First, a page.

General Photographs from the Visit

The thumbnail gallery below shows some of the sights seen whilst walking around the city (including some mentioned elsewhere on this webpage) and this is followed by a look at some of the key skyscrapers pertaining to this visit (click on an image to enlarge):


Chicago's architecture is famous throughout the world and one style is referred to as the Chicago School. Architects led by Louis Sullivan, whose steel-framed, multi storey buildings erected after the 1871 Chicago Fire, established the principles of skyscraper construction. Much of this early work is also known as Commercial style. The first Chicago School was a school of architects active in the city at the turn of the 20th century, whilst a second modernist Chicago School came about from the 1940’s to the 1970’s, which pioneered new building technologies and structural systems such as the tube-frame structure.

Chicago became the birthplace of the skyscraper in 1885, with construction of the Home Insurance Building. Designed by architect, Major William LeBaron Jenney and referred to as the Father of the Skyscraper”, it had 10 storeys and was 138 feet (42m) tall. Whilst this may not seem very tall by today’s standards, it was gigantic at the time. The design incorporated a steel frame that supported not only the walls but the whole of the building. The exterior was, however, made of brick. This innovative design began a new type of construction known as the “Chicago Skeleton”. Alas, the Home Insurance Building was demolished in 1931. Since that time, throughout the years, developers have continued to add to Chicago’s skyline. Whilst the term “skyscraper” simply means a very tall building of many storeys, the term has been defined in a number of ways over time, primarily focusing on a building based on a steel skeleton, as opposed to constructions of load-bearing masonry. For a more detailed explanation of the term, a link to the relevant section on Wikipedia may be found Here. Below are featured some of the skyscrapers to be seen in the city – this list is far from comprehensive and reflects those noted during the author of this page’s visit which were of particular interest (there would be many more featured here, time permitting!).

Marina City

The twin towers of Marina City are perhaps one of Chicago’s most original and photographed constructions. Designed by architect Bertrand Goldberg (1913-97), it opened between 1963 and 1967 and is considered his finest work. Seen as an early forerunner of the return of living closer to city centres, it occupies almost an entire city block in a former railroad district on the Chicago River, directly across from the Loop. The construction consists of a plinth on which are placed low commercial buildings and two round 60-storey towers of reinforced concrete. Perhaps one of the most notable features is the spiralling ramps of the car parks which occupy the lower levels of each tower. Above these rise 40 floors of balconied apartments (900 in total). On its completion, Marina City included a marina, theatre, gymnasium, skating rink, bowling alley, nightclub, restaurants and commercial space; it was designed to attract small households by functioning as a “city within a city”. Some photographs of Marina City are shown in the thumbnail gallery below (click on an image to enlarge):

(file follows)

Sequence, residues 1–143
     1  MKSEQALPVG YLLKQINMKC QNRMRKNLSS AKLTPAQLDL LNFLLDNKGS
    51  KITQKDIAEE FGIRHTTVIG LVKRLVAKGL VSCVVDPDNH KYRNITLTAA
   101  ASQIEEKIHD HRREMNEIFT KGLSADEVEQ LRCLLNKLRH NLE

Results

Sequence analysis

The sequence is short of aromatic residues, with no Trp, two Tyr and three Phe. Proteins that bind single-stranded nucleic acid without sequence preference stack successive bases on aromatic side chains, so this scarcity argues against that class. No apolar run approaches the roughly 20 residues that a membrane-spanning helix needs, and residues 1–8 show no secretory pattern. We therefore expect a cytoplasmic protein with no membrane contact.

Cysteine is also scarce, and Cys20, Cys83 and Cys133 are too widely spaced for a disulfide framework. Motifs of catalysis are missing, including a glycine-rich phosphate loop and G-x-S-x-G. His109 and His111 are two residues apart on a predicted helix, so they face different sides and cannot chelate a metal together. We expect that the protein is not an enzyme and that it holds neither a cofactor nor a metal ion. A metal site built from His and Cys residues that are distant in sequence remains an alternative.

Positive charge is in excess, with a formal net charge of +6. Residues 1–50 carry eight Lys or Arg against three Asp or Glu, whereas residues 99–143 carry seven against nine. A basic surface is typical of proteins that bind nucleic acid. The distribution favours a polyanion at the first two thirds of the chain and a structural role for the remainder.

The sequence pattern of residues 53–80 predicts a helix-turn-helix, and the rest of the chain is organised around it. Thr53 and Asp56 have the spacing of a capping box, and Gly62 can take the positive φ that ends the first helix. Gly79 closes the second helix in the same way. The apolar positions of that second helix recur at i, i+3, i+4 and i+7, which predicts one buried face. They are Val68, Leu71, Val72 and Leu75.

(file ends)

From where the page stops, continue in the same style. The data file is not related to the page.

John Hancock Center

Still commonly referred to as the John Hancock Center, this 100-storey, 1,128 foot (344m) super-tall skyscraper was renamed “875 North Michigan Avenue” in February, 2018; the original name referred to the original tenant of the building, the John Hancock Mutual Life Insurance Company. However, in 2018, the organisation requested that its name be removed and at the time of writing, the owner of the building is seeking another naming rights deal. Located in the Magnificent Mile district, in the heart of the city’s finest shopping and dining area, the chief designer was Bruce Graham with Fazlur Khan the structural engineer, with the construction being supervised by Skidmore, Owings and Merrill. The building has characteristic X’s on the façade, which are used as cross-braces to help it withstand the strong winds coming off Lake Michigan. When topped out in May, 1968, it was the second-tallest building in the world and the tallest outside New York City. Completed in 1969, the taller of its two distinctive antennas take the total height, including masts, to 1,500 feet (457m). The John Hancock Center was constructed for multi-purpose uses and is home to offices, restaurants and around 700 apartments. Also, the 44th floor sky lobby features the USA's highest indoor swimming pool. For the visitor, North America’s fastest lift/elevator ride takes ticket holders up to a 17,000 square-foot observation deck on the 94th floor, “360 Chicago”, for breathtaking views of the city skyline, Lake Michigan and four neighbouring states. For those brave enough, a ticket may also be purchased to include the exhilarating TILT ride – an enclosed moving platform that literally tilts the rider out and over the edge of the building at a 30° angle for dizzying down-facing views. Also on the north side of the observation deck is BAR 94, touted as the highest bar in Chicago. On the 95th floor is The Signature Room, a restaurant offering contemporary American fare where diners can also enjoy the panoramic views. Thumbnail gallery of the visit below (click on an image to enlarge):

Willis Tower (Formerly the Sears Tower)